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We know how this story goes. What started as a seemingly small purchase has now ballooned into a large expense. You know as well as anyone that catalogue debts can become very pricey. The good news though is that you’re doing something about it – you’re chatting to the experts.
Missing a catalogue payment usually leads to an initial response from the provider. Should payments continue to be missed, your account will likely be deactivated and the organisation may take legal action to recover the sums owed. In many cases, this will involve your details being passed to a debt collection agency.
From here, the situation can escalate quickly. For example, bailiffs could be dispatched to reclaim what’s owed.
Also called ‘enforcement agents’, bailiffs can collect catalogue debt if you haven’t been making payments on your account. However, they won’t arrive completely out of the blue and you’ll have some warning before they arrive.
If bailiffs come to your door, it can be an extremely stressful experience. However, it’s important to remember that you aren’t powerless and have rights. For example, in the case of collecting catalogue debt, the bailiff is not allowed to force entry into your home.
Therefore, if you don’t want to let them in, you can just talk to them through a locked door or window. You don’t need to pay them on the doorstep, and you don’t need to open the door. Eventually, they’ll normally leave if you confirm the actions you’re taking to resolve the issue. Some individuals just choose to ignore them.
Falling behind with catalogue payments can certainly be worrying. Between the ever-growing debt and the concerns about what the company might do, it can seem like there’s no escape. Fortunately, you can contact us for a no-obligation, free conversation about what your next steps could be.
Catalogue debt is classed as non-priority. Although it may seem like a priority to you, this just means that it could be resolved through an IVA (Individual Voluntary Arrangement).
We have more than 15 years’ experience helping people with their debts and catalogues are certainly something we hear about frequently. You are not alone and not the first person in this situation.
To help us find the best solution for you, simply complete the application form and one of our specialists will be in touch to discuss your circumstances. Alternatively, you can call us now to speak with one of these experts straight away.
It’s common to have ‘buyers remorse’ when shopping for goods and if you’ve suddenly realised you cannot afford to pay for the item you’ve ordered, then – fortunately – you can usually return it.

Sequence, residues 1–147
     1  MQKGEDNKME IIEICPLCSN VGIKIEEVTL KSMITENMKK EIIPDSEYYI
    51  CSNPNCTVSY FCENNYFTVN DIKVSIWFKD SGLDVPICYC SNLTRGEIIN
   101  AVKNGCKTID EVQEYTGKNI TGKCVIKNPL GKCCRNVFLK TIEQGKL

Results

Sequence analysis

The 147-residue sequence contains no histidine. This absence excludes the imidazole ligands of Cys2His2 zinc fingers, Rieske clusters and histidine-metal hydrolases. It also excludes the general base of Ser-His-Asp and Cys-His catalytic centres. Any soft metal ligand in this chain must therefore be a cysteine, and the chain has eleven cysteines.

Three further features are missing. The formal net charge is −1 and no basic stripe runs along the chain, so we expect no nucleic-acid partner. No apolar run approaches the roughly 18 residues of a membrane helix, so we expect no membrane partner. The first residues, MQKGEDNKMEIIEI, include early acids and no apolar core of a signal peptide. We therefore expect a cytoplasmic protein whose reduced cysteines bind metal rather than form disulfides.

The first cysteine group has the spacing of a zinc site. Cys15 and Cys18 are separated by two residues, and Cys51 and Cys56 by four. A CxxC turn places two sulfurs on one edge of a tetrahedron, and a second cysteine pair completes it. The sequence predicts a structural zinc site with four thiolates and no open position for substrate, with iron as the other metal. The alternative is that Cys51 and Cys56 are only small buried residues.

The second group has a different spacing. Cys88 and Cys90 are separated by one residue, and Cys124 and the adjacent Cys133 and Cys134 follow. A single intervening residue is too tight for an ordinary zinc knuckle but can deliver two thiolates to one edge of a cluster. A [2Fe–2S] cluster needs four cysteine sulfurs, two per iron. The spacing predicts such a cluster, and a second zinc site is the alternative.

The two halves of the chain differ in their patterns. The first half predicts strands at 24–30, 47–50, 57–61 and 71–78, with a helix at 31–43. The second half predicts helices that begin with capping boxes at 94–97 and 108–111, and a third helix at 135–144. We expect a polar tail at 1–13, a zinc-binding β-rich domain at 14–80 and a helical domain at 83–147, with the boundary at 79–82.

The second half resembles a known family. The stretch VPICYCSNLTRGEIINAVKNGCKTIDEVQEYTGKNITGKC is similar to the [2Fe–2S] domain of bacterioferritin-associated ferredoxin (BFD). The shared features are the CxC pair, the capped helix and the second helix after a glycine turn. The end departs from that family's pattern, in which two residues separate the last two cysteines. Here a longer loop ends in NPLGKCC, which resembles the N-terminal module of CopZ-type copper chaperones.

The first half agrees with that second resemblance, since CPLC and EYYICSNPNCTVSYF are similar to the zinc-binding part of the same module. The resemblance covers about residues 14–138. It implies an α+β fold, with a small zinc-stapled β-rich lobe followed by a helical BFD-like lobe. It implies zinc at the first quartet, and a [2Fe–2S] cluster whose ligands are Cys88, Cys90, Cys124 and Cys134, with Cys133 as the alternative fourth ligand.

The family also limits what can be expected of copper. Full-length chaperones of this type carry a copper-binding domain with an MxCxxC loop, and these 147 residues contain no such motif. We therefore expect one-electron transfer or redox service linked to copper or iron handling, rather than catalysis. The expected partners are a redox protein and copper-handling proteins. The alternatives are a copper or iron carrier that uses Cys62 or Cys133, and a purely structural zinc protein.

This returns period is generally up to two weeks from when you’ve picked up the item. Although you’ll probably need to cover postage costs and go to the trouble of taking it to your Post Office, these small charges are nothing compared to the interest rates you might have to pay.
Furthermore, if the item you received from the catalogue is faulty or falsely advertised, then you should also be able to return it.
If the two-week-period has expired, and the item is as you expected it, then you’ll probably be unable to send it back.
Even though you’re making the minimum payments on your debt, the total amount can actually increase. This is because it might not cover the money added by interest rates. As a result, you may need to increase the payments to an amount where it starts to decrease the debt.
Of course, for many families struggling to make ends meet, this is just not possible. With the money owned to the catalogue company increasing, this can place individuals in a status known as ‘persistent debt’.
If you’ve been paying more towards your interest rates as opposed to decreasing the balance on your catalogue debt over 18 months, the creditor will probably inform you that your account is in persistent debt.
When this happens, you’ll typically be asked to increase the payments so you start making a dent in what you owe. Although this is not mandatory and only advisory, persistent debt is a sign that you need help to resolve the situation.
After 36 months, if you’re still in persistent debt, the catalogue company may recommend an alternate repayment system. For example, a payment plan. However, they might also suspend your account which will likely have a detrimental effect on your credit score – making it harder to obtain loans or other financial products in the future.
Although you can pay off catalogue debt using a credit card, resolving this issue while creating another debt can be a slippery slope. Furthermore, other creditors might be reluctant to issue additional sums if they see you’re already struggling to repay debts.
Instead, you may wish to come to us for debt advice. We could suggest a solution which is tailored to your needs.
Debt write off applies to unsecured debts and on completion of an IVA. A debt write off amount of between 20% and 80% is realistic, however the debt write off amount for each customer differs depending upon their individual financial circumstances and is subject to the approval of their creditors.
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Free money help and advice can be found at the MoneyAdviceService.org.uk